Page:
Turns out it can be done!
The Bath Race for Life was on Sunday. I signed up against my better judgement with a colleague and her daughter long before I thought I could run any significant distance, hoping that it would motivate me to keep on truckin' when I felt like giving up.
As the months rumbled on, I persevered with the plan and ran with my (supremely fit) colleague during our lunch break; our route along the tow path was just over 2km each way so, with a short break at the halfway point, we were running 4.5km a few times a week.
With a few weeks to go, I had planned to cut out the break we were taking and complete a 5k in whatever time it took but, of course, the best laid plans etc... With a week and a half to go, I sustained my first sports injury: an impact bruise on my big toe. For two days I could barely walk and couldn't run again until three days before the Big Race.
My first run following injury ended up also being my last run before the race and was GENUINELY TERRIBLE. I got a stitch after about 1.5km and we were in a headwind on the way back, which didn't exactly do my confidence any favours.
Nevertheless, time screeched on and before I realised what was happening I was in the car on my way to the university, trussed up in the most ridiculous fluoro kit I could find (not being a fan of the race's official colour, pink, I went for the laughs in hi-viz yellow and green), nervously making my way to my first ever 5k run.
When I finished the warm-up and found my teammates, I was a lot more relaxed. The buzzing atmosphere kindled actual excitement in me; a welcome change from the blind fear that used to fill me before I went for a run, and as we lined up at the start line in the 'joggers' group (those who are likely to complete in under 40 minutes) I was ready to get cracking.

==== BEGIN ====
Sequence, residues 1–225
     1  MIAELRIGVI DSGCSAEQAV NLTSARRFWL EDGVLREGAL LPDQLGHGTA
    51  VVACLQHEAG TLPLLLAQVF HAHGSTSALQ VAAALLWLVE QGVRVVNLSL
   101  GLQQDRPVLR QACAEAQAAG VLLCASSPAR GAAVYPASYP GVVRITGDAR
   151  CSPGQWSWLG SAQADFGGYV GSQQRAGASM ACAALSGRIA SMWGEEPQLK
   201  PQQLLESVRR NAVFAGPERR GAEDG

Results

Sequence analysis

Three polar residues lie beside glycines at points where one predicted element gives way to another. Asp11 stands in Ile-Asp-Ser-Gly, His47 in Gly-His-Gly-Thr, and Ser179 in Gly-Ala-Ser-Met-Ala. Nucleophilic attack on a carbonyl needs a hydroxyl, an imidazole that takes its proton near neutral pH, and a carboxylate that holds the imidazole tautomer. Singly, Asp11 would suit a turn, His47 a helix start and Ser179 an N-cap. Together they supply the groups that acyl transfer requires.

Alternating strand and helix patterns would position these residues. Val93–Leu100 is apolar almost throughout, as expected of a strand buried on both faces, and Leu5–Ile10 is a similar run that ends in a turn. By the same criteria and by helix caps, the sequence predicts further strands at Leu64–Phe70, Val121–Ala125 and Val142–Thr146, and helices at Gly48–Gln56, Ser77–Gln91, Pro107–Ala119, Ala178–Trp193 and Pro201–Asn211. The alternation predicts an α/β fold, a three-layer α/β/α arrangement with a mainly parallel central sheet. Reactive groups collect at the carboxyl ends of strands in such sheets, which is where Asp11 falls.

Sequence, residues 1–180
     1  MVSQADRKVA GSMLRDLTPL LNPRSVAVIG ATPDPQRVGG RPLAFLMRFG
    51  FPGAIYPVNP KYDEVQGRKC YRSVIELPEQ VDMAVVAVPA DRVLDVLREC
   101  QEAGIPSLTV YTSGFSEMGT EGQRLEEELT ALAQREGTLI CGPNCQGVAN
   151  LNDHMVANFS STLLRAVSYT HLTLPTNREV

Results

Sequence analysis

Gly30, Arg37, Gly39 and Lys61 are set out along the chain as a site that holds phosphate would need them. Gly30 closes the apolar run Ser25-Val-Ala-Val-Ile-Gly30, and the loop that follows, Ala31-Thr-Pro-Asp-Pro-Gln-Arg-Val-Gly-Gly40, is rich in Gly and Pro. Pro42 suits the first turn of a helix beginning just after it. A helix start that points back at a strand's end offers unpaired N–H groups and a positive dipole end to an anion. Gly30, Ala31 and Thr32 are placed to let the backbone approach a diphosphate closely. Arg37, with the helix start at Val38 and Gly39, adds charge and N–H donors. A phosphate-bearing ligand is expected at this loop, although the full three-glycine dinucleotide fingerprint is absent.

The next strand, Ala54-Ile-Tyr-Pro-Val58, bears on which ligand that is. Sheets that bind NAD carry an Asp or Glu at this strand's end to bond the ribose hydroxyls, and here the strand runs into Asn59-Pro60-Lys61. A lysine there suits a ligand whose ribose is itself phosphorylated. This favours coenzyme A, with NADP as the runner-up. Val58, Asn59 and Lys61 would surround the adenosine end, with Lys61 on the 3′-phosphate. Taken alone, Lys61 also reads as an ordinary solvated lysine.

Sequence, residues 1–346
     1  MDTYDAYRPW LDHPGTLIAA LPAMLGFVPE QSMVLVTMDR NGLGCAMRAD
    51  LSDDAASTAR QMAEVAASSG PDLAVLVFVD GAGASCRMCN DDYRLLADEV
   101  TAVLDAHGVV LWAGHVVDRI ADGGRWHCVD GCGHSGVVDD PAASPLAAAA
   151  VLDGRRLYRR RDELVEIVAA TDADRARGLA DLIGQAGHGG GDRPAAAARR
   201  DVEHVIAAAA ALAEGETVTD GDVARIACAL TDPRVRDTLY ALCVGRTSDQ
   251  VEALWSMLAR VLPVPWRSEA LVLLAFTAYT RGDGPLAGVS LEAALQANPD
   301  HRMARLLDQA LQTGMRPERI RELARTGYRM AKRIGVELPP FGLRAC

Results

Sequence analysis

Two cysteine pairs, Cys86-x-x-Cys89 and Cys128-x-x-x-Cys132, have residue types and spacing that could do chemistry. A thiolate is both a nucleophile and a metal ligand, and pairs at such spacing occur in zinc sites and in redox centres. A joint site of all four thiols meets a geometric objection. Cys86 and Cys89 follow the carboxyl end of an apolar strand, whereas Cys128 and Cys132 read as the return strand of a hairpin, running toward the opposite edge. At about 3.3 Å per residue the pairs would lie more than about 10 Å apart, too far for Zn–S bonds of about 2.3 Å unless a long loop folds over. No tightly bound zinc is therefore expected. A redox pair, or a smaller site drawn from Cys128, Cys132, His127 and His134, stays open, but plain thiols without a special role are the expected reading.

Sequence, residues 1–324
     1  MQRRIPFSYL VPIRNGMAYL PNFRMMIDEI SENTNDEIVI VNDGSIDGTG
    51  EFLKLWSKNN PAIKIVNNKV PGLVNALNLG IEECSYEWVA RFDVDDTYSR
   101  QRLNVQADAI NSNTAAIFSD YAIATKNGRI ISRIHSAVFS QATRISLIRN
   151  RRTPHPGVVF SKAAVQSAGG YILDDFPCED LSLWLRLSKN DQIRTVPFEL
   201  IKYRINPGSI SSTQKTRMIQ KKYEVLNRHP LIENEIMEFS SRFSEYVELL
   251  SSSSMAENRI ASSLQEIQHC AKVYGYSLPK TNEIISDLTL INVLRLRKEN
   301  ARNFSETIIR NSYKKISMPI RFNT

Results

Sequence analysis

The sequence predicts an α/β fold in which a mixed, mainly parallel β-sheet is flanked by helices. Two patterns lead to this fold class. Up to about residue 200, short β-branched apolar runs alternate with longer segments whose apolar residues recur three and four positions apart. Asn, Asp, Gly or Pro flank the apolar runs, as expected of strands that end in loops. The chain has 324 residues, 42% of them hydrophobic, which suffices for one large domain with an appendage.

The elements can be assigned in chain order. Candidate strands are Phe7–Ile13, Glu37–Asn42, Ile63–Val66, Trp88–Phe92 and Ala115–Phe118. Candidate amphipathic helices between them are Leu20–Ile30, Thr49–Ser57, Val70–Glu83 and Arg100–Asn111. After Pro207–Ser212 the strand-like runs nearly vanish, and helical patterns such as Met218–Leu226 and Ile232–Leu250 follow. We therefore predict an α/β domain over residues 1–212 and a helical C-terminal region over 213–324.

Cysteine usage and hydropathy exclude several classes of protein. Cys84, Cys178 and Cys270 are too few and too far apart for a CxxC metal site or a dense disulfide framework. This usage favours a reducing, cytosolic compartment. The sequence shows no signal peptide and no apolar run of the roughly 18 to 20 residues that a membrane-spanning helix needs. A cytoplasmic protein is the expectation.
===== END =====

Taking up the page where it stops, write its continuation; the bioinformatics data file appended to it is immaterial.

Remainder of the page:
Throughout the race, I was relaxed and going steadily at my favoured pace. We passed the walkers and were in turn passed by faster runners but I concentrated on enjoying the run through woodland and fields, encouraging my mind away from thinking about how fast we were going and how much further we had to go.
The race ended by doubling back towards the start line so for the final 700 metres we could see the flags and crowds forming what was now our finish line. Around the final bend we went and decided to sprint to the end. Gasping like a trouper, I crossed the finish line with my far more composed teammates in 34 minutes and 40 seconds.
It's not the perfect half-hour 5k, but it's MY not-perfect 5k. I did it. For the first time in my life, I ran for five kilometres without stopping. If the me from this time last year was told about what happened on Sunday, she would laugh and laugh and laugh.
It's difficult to start running when you can only manage two minutes at a time, and for a long time I felt exposed and embarrassed when I was out doing the early weeks of the plan but having a deadline to work towards kept me out there, quietly improving each week until I had the confidence to run a whole race in front of other people.
There's no feeling like it.